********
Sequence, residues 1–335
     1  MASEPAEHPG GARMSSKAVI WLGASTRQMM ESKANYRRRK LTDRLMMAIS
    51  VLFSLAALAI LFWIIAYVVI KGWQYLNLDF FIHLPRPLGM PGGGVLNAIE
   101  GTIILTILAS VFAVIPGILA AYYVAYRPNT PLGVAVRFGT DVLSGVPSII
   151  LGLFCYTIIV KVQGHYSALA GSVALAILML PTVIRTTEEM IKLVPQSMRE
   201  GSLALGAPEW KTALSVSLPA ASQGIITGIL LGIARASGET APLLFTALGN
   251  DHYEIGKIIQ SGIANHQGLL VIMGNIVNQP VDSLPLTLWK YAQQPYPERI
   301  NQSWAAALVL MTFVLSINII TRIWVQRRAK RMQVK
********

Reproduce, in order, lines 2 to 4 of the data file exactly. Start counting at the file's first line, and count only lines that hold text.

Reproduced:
     1  MASEPAEHPG GARMSSKAVI WLGASTRQMM ESKANYRRRK LTDRLMMAIS
    51  VLFSLAALAI LFWIIAYVVI KGWQYLNLDF FIHLPRPLGM PGGGVLNAIE
   101  GTIILTILAS VFAVIPGILA AYYVAYRPNT PLGVAVRFGT DVLSGVPSII